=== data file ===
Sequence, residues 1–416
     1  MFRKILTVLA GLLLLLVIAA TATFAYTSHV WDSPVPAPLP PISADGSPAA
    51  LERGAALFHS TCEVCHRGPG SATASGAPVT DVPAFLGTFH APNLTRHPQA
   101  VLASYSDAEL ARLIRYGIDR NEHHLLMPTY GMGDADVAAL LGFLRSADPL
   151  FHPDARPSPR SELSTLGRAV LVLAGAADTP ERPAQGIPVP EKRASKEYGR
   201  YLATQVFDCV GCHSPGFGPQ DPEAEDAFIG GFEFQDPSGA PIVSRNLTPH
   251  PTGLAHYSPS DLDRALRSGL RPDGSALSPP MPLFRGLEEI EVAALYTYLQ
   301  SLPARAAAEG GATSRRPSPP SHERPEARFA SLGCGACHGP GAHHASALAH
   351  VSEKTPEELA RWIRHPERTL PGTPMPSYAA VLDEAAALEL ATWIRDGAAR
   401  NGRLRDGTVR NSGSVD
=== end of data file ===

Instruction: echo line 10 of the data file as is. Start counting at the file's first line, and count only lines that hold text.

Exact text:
   401  NGRLRDGTVR NSGSVD